Editor's Comment


Where’s the time?

Source: NHE Jul/Aug 16

In recent editions of NHE we have focused on the change taking place in the health sector, but one of the important pillars to deliver new models of care and financial sustainability is time. 

Unfortunately for the NHS, as we all know, ‘time waits for no man’. 

As you’ll see in this magazine we have coverage from the recent Commissioning Show and the NHS Confederation Annual Conference. At both these major events, sustainability and transformation plans (STPs) were the hot topic. However, many delegates started raising the issue of time or, more accurately, the lack of it to deliver the ambitious aims of the project. 

The Five Year Forward View (FYFV) is now a three-and-a-half-year plan, but as Professor Paul Corrigan, former director of strategy and commissioning of the NHS London Strategic Health Authority, told delegates at the Commissioning Show, we are currently investing in “propping up” models of care that are not fit for purpose, and we are not making the progress required on new models of care, like the Vanguards.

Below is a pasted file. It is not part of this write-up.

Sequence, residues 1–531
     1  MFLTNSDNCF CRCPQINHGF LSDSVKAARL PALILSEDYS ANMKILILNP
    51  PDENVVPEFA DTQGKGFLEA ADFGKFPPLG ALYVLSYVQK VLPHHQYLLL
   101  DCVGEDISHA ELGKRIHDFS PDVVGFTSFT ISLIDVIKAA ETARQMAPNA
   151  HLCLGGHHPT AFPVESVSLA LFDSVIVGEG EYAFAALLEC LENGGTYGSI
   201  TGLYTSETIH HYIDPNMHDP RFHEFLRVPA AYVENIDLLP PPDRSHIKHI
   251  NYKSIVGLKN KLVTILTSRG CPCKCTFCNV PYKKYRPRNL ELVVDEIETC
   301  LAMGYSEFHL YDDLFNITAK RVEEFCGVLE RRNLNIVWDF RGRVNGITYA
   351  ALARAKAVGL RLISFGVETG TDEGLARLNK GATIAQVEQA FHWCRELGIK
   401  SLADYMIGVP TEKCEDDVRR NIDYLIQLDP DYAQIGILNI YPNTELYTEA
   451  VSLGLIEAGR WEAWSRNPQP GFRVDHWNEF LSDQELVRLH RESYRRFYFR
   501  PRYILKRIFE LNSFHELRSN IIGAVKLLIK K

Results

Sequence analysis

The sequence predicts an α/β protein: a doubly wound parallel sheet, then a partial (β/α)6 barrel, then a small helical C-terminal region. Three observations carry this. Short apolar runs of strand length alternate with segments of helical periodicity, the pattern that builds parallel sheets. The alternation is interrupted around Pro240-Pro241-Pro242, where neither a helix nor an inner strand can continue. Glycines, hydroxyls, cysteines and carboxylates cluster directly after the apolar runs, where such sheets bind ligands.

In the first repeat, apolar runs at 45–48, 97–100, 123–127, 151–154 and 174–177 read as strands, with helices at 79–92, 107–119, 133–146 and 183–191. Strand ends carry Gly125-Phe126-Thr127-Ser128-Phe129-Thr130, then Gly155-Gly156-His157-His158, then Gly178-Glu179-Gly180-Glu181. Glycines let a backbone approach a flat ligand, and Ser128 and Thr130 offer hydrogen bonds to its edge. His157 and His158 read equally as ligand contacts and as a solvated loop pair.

While Prof Corrigan welcomes the overall aim of the FYFV, he says that some people have been lulled into thinking the problems of 2020 are that: problems in 2020, but they are not. The problems are here and we need to invest now if we are to remedy them. 

However, in order to deliver a step change, it is likely we’ll need to give local health economies the time, space and headroom to ensure their efforts are fruitful. Unfortunately, this might not be the case. 

For instance, the STPs, which were submitted at the end of June, have become soundboards and discussion documents to start with. But in the same breath, by the end of July, NHS Improvement, which I do believe wants to support trusts and FTs, has said that the footprints must come up with outline plans to consolidate back-office and pathology services. This is not a simple task and to have just a month to come up with a plan is a big ask, no matter who you are. 

The Local Government Association’s portfolio holder for community wellbeing, Cllr Izzi Seccombe, recently said that bringing the partners of integrated care together can be done quite quickly, but I agree with Dr Amanda Doyle, co-chair of NHS Clinical Commissioners and an STP lead, who says that once they are round the table it can feel like bringing up the children. 

Throughout this edition we question whether the sustainable and financial change needed in the NHS is deliverable in the timescales set, especially following the UK’s decision to leave the European Union. While we might not be able to provide the answers, one thing is clear, as NHS England’s CEO Simon Stevens said: “It is going to be bloody tough.”

David Stevenson



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